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Matthew Shenoda speaks on art, social equity

RISD prof. reflects on his work as a poet, leader for social change on RISD’s campus

<p>The reading was the first installment of a new five-part virtual event series hosted by the Literary Arts department.</p>

The reading was the first installment of a new five-part virtual event series hosted by the Literary Arts department.

Author and RISD Professor Matthew Shenoda spoke Thursday evening at an event featuring readings of his poetry, his thoughts on social equity and inclusion at RISD and everything in between. 

The reading was the first installment of a new five-part virtual event series hosted by the Literary Arts department. These events will feature “distinguished artists (and) writers,” and “each visitor will present an artist’s talk with readings, presentations and/or performance extracts” in addition to discussing their field and their vision for the future of “interdisciplinary and inclusive arts,”  wrote Gale Nelson, Literary Arts academic program director and the organizer of the series, in an email to The Herald.

Shenoda is currently a professor of Literary Arts at RISD, where he also serves as the vice president and associate provost for social equity and inclusion. Shenoda was introduced by poet and Assistant Professor of Literary Arts Sawako Nakayasu, who noted his list of achievements and accolades: Winning the American Book Award twice, authoring a number of other poetry collections and serving in multiple editorial positions, including as the founding editor of the African Poetry Book Fund. 

The American-born son of Coptic Christians, Shenoda’s written work focuses on diasporic identity and pan-Arabism. Bringing together elements of his work as both a writer and activist for social equity and justice, he began his reading with a quote from South African anti-apartheid activist Steve Biko that framed the rest of the talk: “It is perhaps fitting to start by examining why it is necessary for us to think collectively about a problem we never created.”

Shenoda said he aims to use his voice to further the collective conversation around striving toward social equity in a post-colonialist world. 

He told the audience that one of the central harms of colonialism is “the creation and dissemination of simplistic binaries to describe the human experience. Dominant and often totalizing representations in their myriad forms work as tools of imperialism and colonization rather than as a tool of humanization and education,” he said. In his work for social equity and inclusion at RISD, he said he works to reverse these trends.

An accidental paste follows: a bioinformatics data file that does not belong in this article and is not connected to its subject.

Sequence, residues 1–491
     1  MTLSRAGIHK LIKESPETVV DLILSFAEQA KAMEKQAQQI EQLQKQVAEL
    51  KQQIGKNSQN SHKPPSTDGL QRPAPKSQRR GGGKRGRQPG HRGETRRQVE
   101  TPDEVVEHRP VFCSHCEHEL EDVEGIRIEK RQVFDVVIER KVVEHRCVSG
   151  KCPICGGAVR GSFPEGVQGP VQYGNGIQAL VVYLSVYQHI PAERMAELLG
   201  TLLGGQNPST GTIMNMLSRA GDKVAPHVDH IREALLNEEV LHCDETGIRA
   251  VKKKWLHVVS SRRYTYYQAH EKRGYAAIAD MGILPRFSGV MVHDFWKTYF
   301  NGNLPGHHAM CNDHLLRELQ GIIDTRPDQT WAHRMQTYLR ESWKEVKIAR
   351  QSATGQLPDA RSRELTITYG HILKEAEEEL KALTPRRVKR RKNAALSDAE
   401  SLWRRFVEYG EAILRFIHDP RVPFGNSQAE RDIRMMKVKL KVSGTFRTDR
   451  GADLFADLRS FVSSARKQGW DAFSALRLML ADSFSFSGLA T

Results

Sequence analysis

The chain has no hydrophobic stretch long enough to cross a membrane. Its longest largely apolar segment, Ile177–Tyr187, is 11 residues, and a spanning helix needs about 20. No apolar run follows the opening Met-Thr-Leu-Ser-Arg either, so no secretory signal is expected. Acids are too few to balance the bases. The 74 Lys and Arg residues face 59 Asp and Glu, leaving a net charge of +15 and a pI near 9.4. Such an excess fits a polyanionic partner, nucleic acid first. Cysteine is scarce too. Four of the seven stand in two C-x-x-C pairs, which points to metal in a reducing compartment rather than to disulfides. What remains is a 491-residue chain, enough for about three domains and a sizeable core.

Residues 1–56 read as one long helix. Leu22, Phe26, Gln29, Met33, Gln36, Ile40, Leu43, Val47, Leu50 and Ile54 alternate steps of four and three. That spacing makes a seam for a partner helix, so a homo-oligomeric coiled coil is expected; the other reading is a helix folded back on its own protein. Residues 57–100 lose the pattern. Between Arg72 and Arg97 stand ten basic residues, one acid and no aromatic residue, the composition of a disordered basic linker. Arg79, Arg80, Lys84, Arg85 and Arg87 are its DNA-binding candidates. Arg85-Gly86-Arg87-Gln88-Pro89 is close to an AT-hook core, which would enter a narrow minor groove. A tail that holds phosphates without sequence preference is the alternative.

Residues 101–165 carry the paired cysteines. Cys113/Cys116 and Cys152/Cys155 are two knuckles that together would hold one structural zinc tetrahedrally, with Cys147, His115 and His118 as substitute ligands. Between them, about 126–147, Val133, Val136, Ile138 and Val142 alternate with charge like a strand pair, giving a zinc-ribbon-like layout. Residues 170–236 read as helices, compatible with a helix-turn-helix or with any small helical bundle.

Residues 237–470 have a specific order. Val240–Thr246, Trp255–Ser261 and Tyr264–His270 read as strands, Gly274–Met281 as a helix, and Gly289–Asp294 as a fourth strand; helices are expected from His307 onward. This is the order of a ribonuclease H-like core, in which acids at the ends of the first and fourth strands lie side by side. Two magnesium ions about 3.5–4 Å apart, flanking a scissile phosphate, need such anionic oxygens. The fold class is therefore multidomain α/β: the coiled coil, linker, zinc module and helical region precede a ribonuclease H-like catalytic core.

As a poet, Shenoda views his craft as an essential part of moving toward social equity on RISD’s campus and beyond. “I see that one of the jobs of poetry is to challenge these narratives that are all-too-often vilifying and stultifying representations,” Shenoda said. “Look at poetry as a form of representation, an alternative type of media. It is the simple daily events that center us as humans and that create the narratives and shape our identities and understandings of ourselves.”

Shenoda argues that all art, not just poetry, embodies the work of creating “a different and radical counter-ethic” around understanding each other and humanity as a whole. 

“The role of all good art in relation to humanity should be to make complex the understanding of the human experience,” Shenoda said. “Artists, designers and scholars of the arts play one of the most significant roles in helping drive this work … they most deeply understand the necessary textures and ethereal complexities of the human condition, as we are so often in need of seeing things from multiple angles in order to accomplish our own work.”

Still, Shenoda included a word of warning. As both an artist and scholar of art, he expressed that “we do not take the time to understand our position in a greater context, but rather often enter into spaces with a sense of expertise that erases so much around us and diminishes our work, artistic practices and research capabilities.” 

Shenoda concluded that the solution to this problem is to keep asking questions. Artists, scholars of art and people everywhere “need to ask constantly … how we can cultivate and deepen relational engagement on a daily basis, … what power the experiential plays in the shaping of society,  … (and) how engaging practice, often with failure attached, makes us better.”

“The goal,” Shenoda said, “is to galvanize these questions into action, to move them from our localized spaces to wider spaces and to become greater advocates and ambassadors for what we know. Each is essential to the betterment of humanity.”



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